If you need to increase your level of qualification ready for undergraduate study, we offer a number of International Foundation Programmes.

Meet our staff in your country

For more advice about applying to Kent, you can meet our staff at a range of international events.

English Language Requirements

Please see our English language entry requirements web page.

Please note that if you are required to meet an English language condition, we offer a number of 'pre-sessional' courses in English for Academic Purposes. You attend these courses before starting your degree programme. 

General entry requirements

Please also see our general entry requirements.

Fees

The 2018/19 annual tuition fees for this programme are:

UK/EU Overseas
Full-time £9250 £15200
Part-time £4625 £7600

For students continuing on this programme, fees will increase year on year by no more than RPI + 3% in each academic year of study except where regulated.* 

Your fee status

The University will assess your fee status as part of the application process. If you are uncertain about your fee status you may wish to seek advice from UKCISA before applying.

General additional costs

Find out more about accommodation and living costs, plus general additional costs that you may pay when studying at Kent.

Funding

University funding

Kent offers generous financial support schemes to assist eligible undergraduate students during their studies. See our funding page for more details.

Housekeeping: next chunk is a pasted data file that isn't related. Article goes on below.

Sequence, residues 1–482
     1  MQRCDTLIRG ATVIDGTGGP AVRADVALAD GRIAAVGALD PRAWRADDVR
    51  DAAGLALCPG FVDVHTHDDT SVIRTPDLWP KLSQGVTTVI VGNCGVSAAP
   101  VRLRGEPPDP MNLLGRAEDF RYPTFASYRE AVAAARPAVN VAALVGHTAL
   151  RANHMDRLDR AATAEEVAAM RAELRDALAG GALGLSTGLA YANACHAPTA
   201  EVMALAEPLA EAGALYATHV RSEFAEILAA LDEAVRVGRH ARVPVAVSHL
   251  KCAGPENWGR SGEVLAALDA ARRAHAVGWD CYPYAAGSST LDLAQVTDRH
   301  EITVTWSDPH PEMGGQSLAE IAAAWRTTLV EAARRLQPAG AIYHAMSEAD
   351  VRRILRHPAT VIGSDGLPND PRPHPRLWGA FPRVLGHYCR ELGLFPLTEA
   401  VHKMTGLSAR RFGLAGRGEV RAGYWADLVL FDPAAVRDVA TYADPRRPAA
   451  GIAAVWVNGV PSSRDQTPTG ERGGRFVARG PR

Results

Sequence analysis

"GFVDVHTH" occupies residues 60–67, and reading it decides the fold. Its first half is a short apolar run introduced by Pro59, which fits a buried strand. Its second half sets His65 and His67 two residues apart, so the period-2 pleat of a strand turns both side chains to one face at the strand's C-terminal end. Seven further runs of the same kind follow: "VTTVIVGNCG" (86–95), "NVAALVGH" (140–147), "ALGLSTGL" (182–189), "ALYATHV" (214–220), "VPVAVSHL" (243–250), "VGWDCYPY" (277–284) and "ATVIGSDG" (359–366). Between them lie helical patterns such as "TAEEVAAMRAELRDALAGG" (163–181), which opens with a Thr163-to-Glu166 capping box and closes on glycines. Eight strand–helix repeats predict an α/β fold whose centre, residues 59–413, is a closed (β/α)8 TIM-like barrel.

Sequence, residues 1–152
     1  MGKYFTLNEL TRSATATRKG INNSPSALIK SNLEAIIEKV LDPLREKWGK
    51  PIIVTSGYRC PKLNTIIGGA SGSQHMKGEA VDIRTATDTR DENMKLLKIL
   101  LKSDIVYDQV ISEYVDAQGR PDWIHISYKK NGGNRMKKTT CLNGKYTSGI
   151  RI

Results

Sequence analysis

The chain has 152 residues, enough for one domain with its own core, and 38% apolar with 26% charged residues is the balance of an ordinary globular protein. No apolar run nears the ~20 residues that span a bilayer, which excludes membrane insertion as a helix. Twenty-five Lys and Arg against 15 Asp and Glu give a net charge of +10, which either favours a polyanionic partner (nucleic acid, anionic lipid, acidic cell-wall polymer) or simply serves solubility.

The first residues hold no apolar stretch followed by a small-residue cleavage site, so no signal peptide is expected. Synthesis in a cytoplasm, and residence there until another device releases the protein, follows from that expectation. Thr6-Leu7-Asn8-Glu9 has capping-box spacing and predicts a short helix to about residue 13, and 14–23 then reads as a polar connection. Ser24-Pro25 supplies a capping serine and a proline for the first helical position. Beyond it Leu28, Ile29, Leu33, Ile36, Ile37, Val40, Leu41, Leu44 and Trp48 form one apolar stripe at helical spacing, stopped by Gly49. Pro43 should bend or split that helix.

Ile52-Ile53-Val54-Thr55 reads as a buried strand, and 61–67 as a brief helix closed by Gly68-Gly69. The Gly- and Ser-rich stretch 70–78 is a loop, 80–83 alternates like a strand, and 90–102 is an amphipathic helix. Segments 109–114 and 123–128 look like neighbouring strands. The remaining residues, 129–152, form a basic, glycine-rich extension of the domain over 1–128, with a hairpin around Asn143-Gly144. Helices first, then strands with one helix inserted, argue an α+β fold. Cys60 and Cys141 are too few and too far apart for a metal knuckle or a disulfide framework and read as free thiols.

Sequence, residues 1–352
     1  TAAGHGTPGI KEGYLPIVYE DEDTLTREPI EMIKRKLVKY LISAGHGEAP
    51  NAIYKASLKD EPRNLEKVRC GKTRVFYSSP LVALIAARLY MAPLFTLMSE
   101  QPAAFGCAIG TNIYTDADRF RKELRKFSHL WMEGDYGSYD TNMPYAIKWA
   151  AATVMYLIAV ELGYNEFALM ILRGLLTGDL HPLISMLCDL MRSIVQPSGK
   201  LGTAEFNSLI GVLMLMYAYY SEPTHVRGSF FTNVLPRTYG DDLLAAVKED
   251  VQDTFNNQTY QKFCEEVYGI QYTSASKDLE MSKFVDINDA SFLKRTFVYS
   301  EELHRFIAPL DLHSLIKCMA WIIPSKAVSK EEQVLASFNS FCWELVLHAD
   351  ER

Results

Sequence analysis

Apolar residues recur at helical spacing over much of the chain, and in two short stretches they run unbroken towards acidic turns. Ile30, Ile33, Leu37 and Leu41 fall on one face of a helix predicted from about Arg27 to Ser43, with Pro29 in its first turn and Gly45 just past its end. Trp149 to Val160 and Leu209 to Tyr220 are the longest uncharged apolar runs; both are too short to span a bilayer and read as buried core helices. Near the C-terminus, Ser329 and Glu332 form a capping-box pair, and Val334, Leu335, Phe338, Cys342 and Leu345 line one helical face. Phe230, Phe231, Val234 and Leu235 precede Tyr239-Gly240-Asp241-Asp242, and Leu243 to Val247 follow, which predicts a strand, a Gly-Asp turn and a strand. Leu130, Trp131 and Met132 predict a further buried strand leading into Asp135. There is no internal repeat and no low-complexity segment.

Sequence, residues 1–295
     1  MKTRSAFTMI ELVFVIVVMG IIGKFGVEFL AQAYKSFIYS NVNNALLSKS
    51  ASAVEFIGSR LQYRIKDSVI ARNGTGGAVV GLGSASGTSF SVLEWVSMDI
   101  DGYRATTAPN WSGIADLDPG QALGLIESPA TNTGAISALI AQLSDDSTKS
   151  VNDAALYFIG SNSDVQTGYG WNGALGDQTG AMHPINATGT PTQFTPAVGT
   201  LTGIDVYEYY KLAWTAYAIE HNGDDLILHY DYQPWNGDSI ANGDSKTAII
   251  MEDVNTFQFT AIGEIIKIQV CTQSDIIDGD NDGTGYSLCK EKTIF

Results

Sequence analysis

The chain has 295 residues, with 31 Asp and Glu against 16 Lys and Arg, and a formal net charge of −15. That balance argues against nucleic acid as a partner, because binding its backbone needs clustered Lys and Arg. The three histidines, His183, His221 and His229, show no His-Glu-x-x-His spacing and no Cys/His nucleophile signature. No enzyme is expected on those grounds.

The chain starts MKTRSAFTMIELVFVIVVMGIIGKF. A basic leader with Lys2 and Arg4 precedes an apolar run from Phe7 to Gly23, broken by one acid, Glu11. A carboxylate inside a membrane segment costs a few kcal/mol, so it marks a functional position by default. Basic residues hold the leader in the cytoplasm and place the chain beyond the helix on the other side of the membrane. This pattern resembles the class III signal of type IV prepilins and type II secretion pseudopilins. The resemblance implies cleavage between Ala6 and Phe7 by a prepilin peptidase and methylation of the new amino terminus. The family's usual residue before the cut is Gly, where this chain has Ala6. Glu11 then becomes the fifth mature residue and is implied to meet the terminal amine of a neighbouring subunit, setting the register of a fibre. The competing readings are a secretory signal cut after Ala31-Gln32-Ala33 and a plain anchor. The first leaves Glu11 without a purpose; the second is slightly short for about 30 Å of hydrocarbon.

Government funding

You may be eligible for government finance to help pay for the costs of studying. See the Government's student finance website.

Scholarships

General scholarships

Scholarships are available for excellence in academic performance, sport and music and are awarded on merit. For further information on the range of awards available and to make an application see our scholarships website.

The Kent Scholarship for Academic Excellence

At Kent we recognise, encourage and reward excellence. We have created the Kent Scholarship for Academic Excellence. 

For 2018/19 entry, the scholarship will be awarded to any applicant who achieves a minimum of AAA over three A levels, or the equivalent qualifications (including BTEC and IB) as specified on our scholarships pages

The scholarship is also extended to those who achieve AAB at A level (or specified equivalents) where one of the subjects is either Mathematics or a Modern Foreign Language. Please review the eligibility criteria.

Full-time

Part-time

The Key Information Set (KIS) data is compiled by UNISTATS and draws from a variety of sources which includes the National Student Survey and the Higher Education Statistical Agency. The data for assessment and contact hours is compiled from the most populous modules (to the total of 120 credits for an academic session) for this particular degree programme. 

Depending on module selection, there may be some variation between the KIS data and an individual's experience. For further information on how the KIS data is compiled please see the UNISTATS website.

If you have any queries about a particular programme, please contact information@kent.ac.uk.